Good and Gay
Three Dollar Bill Throws Down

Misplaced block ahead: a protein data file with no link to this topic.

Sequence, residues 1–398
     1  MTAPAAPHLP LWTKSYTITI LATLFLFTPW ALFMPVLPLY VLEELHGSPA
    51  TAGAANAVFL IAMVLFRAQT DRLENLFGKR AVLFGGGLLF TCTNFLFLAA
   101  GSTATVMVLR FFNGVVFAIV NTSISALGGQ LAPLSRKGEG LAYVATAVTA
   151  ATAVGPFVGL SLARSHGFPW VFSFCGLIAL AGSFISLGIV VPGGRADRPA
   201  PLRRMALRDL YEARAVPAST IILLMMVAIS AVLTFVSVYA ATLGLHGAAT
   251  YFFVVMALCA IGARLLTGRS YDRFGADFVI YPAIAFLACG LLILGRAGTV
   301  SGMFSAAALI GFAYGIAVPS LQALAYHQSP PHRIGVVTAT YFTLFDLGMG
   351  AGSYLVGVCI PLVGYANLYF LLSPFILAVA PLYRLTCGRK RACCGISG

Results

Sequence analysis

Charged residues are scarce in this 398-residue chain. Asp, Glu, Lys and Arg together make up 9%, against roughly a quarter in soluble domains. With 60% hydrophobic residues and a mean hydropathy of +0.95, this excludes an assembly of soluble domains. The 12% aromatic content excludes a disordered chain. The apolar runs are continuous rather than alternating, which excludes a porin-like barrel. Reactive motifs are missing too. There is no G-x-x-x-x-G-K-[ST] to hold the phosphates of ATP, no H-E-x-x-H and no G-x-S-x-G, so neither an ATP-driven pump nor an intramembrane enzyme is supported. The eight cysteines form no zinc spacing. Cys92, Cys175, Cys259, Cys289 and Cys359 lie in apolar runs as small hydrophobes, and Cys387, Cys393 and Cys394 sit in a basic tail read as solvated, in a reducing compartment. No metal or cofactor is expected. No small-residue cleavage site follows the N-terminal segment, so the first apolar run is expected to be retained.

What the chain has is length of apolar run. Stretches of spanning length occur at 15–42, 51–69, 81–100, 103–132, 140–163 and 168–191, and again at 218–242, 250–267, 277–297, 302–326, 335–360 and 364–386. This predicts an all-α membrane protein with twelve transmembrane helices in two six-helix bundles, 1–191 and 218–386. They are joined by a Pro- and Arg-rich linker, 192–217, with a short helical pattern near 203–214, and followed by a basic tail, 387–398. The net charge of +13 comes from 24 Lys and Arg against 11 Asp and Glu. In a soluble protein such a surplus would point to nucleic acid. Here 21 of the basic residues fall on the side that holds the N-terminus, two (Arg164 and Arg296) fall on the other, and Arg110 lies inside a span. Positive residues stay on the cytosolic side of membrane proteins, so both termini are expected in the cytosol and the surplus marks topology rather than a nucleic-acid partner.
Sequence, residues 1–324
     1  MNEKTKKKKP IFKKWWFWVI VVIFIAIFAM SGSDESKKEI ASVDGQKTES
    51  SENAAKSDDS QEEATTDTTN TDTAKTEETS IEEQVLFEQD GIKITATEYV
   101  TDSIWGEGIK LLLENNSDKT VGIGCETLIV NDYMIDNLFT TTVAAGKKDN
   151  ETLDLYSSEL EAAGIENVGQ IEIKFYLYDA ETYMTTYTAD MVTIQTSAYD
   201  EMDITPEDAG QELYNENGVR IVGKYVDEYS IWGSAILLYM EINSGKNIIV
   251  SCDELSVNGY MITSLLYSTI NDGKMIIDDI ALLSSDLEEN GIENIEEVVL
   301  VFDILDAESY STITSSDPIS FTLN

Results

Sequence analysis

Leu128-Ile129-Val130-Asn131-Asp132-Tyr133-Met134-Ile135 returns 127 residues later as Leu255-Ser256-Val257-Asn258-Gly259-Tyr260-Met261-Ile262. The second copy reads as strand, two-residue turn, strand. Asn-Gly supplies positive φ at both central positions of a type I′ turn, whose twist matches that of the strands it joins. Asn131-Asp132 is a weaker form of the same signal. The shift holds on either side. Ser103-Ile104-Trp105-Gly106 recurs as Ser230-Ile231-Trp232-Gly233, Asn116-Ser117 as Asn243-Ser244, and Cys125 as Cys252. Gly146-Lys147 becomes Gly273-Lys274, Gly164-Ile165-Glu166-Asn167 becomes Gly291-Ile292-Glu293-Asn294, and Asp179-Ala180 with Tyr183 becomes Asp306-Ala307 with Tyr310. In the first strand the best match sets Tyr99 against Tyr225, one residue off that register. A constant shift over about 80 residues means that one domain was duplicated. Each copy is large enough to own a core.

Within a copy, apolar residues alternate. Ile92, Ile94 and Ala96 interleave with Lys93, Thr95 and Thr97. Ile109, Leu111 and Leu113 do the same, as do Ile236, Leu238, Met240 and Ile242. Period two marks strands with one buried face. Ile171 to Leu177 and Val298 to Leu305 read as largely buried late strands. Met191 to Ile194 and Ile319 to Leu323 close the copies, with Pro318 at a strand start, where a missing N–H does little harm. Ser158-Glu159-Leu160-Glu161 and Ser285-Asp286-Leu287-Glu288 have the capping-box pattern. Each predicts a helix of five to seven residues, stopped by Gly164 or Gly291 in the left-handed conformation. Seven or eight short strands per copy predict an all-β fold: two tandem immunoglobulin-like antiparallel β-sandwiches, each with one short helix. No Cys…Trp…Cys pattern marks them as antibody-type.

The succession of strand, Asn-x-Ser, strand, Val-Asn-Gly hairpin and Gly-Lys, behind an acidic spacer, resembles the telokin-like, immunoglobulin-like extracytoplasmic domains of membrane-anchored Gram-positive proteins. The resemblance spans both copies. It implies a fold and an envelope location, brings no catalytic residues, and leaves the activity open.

It has to be acknowledged that the Seattle Lesbian and Gay Film Festival is not terribly exciting. Occasionally there's something worth seeing, but you can't just pick a program at random and expect to be wowed. It's not so much a curated event as a plodding record of gay-themed movies made over the previous year. But recently Three Dollar Bill Cinema, which produces SLGFF, has been programming brief, carefully considered series at Northwest Film Forum in which every film is worth seeing. Last May, Three Dollar Bill produced a smart three-part series on homoerotic westerns entitled Tough Love: Johnny Guitar, Red River, and the rarely seen Andy Warhol/Paul Morrissey collaboration Lonesome Cowboys. And this month, the series is Scandalous!—three more or less explicitly gay-themed films from the ignorant, repressed 1950s. With lovely prints created for recent or forthcoming DVD releases, last week's prep-school melodrama Tea and Sympathy, this Thursday's women's prison film Caged, and next Thursday's Jean Genet swoon-caught-on-celluloid Un Chant d'Amour are all must-see events. Last Thursday, I stupidly used Northwest Film Forum's pull-out calendar instead of The Stranger's Get Out movie-times search (which is, naturally, based on the very most recent information), so I thought the movie started at 8:00 p.m. Wrong! Let it be noted: All the Scandalous! films start at 7:00 p.m. I missed approximately 30 minutes of the two-hour film, but I did see one of the most explicit portrayals of homophobic cruelty ever put into a Hollywood film—whether pre-, post-, or in this case, during the Production Code. In MGM's Tea and Sympathy, John Kerr plays Tom Lee, a mildly effeminate schoolboy (he bounces on the balls of his feet as he walks and he listens to classical records in an atmospheric library/garret) who is bullied by his classmates and intentionally neglected by his housemaster. Deborah Kerr, as the housemaster's sympathetic wife, pities and mothers and nearly seduces the boy. Desperate to prove his (heterosexual) manhood, Tom attempts to bed the waitress from a neighboring cafe. But he can't even bring himself to kiss her and instead attempts to slit his wrists. It's hard to tell whether contemporary viewers read this behavior as homosexuality or mere sensitivity: A New Yorker review clearly gives him the "benefit" of the doubt, whereas good old Bosley Crowther in the New York Times excoriates the tacked-on epilogue (not in the original play, and specifically requested by the Catholic Legion of Decency) in which a grown-up, mysteriously married Tom visits his old school. Tea and Sympathy has it both ways: "Be kind," Deborah Kerr admonishes in the original finale—but it's obviously best to be straight, too. Thursday, April 19, you can see the, uh, seminal women's prison film Caged, featuring a naive girl and a butch prison matron; Thursday, April 26, it's Genet's fantastic Un Chant d'Amour, with a world premiere Kenneth Anger short about Elliott Smith. Be there.